“I think that the chairperson obviously was speaking for the zoning board of appeals when she said no material was allowed to be imported onto that site and that his operation was to be shut down,” said Greco. “I think that is clearly correct under the decision of the zoning board of appeals but one has to consider the decision of the ZBA in light of the restraining order that is still in effect, issued by the [state] Supreme Court. That restraining order to this point remains in force and effect and the ZBA’s decision does not directly change that.”
Two-plus years of violation
According to documents from the state Department of Environmental Conservation, Karolys’ operation has been in violation of Part 360 of the state’s Solid Waste Facility Management Regulations since November 2016, when DEC inspector Lee Reiff wrote that Karolys was “accepting C&D loads containing, but not limited to, plastic, ceramic tiles, dimensional lumber, fabric and paper.” (There is a note in the document that states “see photos,” but no photos were provided with the report). The inspector also wrote that the facility was “unable to produce sufficient records for material received,” and “[had] yet to construct barriers that prevents unauthorized dumping.” Also, that “the C&D is not being weighed or records kept to indicate volume being received” and that “unauthorized materials are not being removed within 24 hours of receipt.” Karolys was then notified by DEC Regional Enforcement Engineer David Pollock (who could not be reached for comment) that he needed to remedy these issues by January 2017; another letter from Pollock was sent in May 2017 telling Karolys that he still wasn’t compliant with Part 360 regulations and that “each day the facilities remain in noncompliance, additional penalties will be assessed.”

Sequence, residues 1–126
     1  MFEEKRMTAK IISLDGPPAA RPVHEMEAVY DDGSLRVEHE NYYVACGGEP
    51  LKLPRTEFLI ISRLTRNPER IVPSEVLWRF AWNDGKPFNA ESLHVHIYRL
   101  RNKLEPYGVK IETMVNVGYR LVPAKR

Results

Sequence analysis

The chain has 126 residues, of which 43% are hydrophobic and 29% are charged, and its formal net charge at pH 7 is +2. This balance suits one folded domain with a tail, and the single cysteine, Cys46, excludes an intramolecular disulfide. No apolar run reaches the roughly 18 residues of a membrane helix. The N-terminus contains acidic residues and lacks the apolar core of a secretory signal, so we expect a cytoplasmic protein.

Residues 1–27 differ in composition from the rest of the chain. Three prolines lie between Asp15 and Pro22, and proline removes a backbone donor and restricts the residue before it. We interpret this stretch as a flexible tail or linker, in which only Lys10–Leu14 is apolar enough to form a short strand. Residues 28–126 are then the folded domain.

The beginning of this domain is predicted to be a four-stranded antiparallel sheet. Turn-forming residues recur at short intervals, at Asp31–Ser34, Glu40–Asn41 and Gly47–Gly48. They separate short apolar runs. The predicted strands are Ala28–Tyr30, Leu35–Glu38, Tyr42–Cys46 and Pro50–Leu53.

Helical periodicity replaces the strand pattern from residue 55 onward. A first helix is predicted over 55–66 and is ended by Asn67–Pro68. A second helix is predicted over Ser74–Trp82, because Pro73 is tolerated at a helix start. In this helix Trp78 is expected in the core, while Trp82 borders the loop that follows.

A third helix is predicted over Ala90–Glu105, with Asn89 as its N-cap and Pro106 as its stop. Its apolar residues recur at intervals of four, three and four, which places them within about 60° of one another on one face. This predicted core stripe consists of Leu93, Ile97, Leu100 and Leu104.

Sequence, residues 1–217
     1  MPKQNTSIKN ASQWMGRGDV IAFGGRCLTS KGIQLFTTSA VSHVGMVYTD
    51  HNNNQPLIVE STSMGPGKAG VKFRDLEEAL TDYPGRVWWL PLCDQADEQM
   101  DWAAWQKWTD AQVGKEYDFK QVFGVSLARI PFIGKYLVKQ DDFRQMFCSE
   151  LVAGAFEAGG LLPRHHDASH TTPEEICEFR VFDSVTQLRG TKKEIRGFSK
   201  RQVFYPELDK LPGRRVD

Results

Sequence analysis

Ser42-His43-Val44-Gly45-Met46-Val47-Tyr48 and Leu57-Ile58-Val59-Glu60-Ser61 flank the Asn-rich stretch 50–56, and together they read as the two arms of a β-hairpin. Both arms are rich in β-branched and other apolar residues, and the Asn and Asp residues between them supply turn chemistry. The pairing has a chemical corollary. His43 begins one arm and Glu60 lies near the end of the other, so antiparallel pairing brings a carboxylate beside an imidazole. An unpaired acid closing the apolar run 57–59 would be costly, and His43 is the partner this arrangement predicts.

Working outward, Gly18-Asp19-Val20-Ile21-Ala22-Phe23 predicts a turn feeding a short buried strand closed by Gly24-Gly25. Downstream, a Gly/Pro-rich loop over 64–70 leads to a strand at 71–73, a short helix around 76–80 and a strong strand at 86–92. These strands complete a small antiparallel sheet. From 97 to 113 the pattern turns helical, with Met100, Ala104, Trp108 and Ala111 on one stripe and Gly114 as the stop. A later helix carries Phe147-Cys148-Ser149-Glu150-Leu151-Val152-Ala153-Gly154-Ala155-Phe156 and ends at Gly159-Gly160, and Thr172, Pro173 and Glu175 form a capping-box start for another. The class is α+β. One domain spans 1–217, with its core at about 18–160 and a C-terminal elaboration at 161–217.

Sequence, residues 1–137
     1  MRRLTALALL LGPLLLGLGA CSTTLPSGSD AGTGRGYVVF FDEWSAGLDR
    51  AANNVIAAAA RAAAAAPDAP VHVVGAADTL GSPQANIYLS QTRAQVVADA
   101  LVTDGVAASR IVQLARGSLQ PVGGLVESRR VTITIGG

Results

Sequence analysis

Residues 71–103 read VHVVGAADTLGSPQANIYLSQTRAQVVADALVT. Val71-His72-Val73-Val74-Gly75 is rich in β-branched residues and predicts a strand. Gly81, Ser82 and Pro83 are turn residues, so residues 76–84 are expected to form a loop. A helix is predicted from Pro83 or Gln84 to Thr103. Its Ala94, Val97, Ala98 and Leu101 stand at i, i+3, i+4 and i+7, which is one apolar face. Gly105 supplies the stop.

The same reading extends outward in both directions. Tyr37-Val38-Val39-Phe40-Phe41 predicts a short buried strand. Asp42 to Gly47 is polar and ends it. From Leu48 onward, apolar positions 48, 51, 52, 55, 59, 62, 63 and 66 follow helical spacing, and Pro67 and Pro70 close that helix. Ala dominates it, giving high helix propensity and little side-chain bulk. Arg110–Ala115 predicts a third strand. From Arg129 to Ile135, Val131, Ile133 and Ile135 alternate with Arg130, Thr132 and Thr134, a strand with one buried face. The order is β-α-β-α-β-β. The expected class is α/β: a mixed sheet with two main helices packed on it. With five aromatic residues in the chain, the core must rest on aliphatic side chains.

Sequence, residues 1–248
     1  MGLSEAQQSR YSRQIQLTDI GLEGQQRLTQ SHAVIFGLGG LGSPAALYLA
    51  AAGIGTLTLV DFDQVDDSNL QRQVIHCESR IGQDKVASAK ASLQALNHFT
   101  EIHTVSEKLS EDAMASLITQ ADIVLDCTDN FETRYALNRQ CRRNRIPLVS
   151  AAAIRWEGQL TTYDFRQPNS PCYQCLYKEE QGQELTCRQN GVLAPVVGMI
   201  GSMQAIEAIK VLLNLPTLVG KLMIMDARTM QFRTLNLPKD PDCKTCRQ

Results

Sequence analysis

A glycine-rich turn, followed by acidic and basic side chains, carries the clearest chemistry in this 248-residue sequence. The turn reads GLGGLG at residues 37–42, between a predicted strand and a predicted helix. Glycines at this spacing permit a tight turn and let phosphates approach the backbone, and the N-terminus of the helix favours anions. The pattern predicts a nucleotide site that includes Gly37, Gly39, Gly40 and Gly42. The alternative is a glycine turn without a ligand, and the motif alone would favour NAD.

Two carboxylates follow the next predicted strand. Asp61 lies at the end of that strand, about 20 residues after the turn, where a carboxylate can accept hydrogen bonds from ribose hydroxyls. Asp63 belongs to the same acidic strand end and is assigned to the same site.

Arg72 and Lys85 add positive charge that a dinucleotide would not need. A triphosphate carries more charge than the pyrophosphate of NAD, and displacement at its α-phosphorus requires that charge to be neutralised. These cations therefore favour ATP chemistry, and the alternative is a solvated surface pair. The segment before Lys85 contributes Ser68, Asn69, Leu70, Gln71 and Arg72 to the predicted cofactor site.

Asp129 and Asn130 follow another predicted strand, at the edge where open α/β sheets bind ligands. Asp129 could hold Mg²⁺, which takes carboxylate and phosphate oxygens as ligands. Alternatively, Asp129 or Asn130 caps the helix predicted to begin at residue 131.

According to Greco, though, the DEC has yet to intervene in any meaningful way.